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Island’s police worked with Interpol on major Latin America human trafficking operation

Bermuda’s law enforcement agencies were on standby to assist in an international operation to combat human trafficking, which resulted in more than 200 arrests.

An operation involving police across Latin America working with Interpol led to the arrest of 216 suspects linked to migrant smuggling and human trafficking.

Bermuda was called in to act as possible back-up during Operation Turquesa III, which ran from November 29 to December 3.

Bermuda’s police, including the intelligence division and airport police, trained with the island’s Immigration staff and customs border agents, along with the yacht reporting centre, in preparation for the operation.

Island officials also teamed up with authorities across the Americas to train in how to deal with human trafficking and the smuggling of migrants.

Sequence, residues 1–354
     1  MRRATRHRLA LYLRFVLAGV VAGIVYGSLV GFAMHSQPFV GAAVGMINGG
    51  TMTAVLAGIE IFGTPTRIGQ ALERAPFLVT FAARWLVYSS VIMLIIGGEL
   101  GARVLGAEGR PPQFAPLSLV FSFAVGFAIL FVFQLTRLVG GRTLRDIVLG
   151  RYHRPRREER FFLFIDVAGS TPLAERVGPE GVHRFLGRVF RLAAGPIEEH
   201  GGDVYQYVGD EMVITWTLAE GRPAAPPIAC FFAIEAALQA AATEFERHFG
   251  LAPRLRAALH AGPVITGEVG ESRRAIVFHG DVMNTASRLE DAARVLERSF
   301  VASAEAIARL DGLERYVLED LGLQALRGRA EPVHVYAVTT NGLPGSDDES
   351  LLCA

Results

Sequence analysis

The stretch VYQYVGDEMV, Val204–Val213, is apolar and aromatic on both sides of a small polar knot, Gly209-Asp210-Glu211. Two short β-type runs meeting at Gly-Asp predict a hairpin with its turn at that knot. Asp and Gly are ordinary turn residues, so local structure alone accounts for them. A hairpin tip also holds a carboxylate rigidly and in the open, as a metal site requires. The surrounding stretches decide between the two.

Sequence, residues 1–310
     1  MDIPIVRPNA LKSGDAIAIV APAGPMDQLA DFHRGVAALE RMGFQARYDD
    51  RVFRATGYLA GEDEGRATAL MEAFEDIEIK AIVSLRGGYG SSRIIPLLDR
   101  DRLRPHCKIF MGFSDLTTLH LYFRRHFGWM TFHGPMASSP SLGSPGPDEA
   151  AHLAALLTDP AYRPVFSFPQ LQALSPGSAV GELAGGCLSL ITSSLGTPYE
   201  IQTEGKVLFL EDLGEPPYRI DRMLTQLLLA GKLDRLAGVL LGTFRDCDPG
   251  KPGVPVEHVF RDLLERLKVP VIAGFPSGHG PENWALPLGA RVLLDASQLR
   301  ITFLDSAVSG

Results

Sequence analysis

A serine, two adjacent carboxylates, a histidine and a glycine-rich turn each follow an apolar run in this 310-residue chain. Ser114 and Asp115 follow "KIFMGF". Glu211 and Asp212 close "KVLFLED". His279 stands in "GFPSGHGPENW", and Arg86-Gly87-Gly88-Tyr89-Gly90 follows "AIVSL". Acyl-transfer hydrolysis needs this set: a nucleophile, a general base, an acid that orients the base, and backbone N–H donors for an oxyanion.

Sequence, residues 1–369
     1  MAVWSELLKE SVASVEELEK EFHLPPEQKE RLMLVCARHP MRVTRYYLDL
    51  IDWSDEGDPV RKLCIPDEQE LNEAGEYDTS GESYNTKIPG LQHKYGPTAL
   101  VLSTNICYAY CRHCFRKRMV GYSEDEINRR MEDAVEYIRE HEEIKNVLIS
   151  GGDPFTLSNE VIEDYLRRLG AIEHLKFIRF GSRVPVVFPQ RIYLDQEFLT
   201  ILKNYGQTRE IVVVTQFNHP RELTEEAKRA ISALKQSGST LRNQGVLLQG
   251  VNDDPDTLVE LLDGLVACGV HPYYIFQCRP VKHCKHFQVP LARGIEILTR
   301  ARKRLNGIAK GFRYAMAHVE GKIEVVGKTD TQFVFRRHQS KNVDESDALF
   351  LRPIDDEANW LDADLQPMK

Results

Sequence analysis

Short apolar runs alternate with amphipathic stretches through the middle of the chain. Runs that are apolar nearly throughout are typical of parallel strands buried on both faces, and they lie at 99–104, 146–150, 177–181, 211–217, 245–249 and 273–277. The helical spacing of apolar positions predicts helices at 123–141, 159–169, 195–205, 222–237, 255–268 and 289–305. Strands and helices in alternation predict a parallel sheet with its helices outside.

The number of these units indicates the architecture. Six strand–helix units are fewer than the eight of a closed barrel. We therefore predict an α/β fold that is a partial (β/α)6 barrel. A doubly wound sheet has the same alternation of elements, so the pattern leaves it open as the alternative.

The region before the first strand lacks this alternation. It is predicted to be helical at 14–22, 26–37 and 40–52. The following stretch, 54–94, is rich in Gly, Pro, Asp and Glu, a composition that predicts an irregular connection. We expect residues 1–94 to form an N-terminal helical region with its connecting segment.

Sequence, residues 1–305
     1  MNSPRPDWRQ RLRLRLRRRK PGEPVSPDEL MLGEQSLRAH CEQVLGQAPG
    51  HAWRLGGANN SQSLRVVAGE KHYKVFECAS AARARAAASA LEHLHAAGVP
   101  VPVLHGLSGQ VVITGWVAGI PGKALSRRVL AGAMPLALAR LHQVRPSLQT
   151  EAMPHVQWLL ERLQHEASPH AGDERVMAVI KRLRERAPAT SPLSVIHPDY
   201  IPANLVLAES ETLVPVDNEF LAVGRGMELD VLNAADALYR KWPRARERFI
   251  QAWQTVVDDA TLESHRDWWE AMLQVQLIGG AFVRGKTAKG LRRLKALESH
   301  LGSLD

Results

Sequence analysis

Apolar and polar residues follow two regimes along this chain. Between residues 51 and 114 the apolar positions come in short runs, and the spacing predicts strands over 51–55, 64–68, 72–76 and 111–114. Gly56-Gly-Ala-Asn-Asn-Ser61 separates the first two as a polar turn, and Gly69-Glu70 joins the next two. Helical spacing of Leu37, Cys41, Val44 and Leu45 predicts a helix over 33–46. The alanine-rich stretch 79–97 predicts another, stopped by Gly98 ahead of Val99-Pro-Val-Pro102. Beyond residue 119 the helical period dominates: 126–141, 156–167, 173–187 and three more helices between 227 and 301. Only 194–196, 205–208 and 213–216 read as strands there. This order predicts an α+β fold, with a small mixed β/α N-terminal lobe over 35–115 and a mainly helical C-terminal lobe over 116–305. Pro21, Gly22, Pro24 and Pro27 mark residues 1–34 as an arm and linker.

Border readiness and the detection of smuggling were combined with the use of support agencies including the Vulnerable Person Unit, the Department of Child and Family Services, and the Centre Against Abuse.

Although Bermuda was never called into action during the five-day operation, a spokesman for the Bermuda Police Service said the event was an invaluable learning experience for the island’s agencies.

The spokesman said: “This was an excellent opportunity for participant groups to collaborate, recognise certain indicators, review daily observations at our borders, and learn exactly how Bermuda’s partnership groups work together – and in what sequence – should a case of human trafficking or migrant smuggling be encountered in the future.

“Bermuda law enforcement objectives in this regard included providing observational readiness at our borders, and to detect instances of human trafficking and migrant smuggling.

“If such an event was encountered in Bermuda, the further intent was to identify offenders, facilitate early victim identification, and activate support services and protection to victims of human trafficking.

“This is where our investigative and support mechanisms such as our Vulnerable Person Unit, Department of Child and Family services, and the Centre of Abuse are engaged. Their valuable expertise works to provide necessary support to victims of these types of crimes.”

The spokesman added that participants would compile regional results, look into areas in need of development and “bolster co-ordination of future joint activities in the region”.